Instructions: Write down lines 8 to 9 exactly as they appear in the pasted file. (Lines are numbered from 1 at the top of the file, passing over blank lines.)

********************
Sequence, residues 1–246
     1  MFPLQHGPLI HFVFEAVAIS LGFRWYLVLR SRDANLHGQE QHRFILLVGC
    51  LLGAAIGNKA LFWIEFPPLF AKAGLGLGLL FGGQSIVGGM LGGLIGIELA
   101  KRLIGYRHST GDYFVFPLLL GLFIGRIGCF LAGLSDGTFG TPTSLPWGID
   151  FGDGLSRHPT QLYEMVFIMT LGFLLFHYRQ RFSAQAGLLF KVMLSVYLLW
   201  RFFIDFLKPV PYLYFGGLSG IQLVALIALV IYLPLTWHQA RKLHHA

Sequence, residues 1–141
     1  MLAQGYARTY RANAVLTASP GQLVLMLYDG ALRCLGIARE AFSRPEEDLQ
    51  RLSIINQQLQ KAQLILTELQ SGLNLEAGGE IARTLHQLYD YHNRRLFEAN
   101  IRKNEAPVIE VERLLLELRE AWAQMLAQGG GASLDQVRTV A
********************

     1  MLAQGYARTY RANAVLTASP GQLVLMLYDG ALRCLGIARE AFSRPEEDLQ
    51  RLSIINQQLQ KAQLILTELQ SGLNLEAGGE IARTLHQLYD YHNRRLFEAN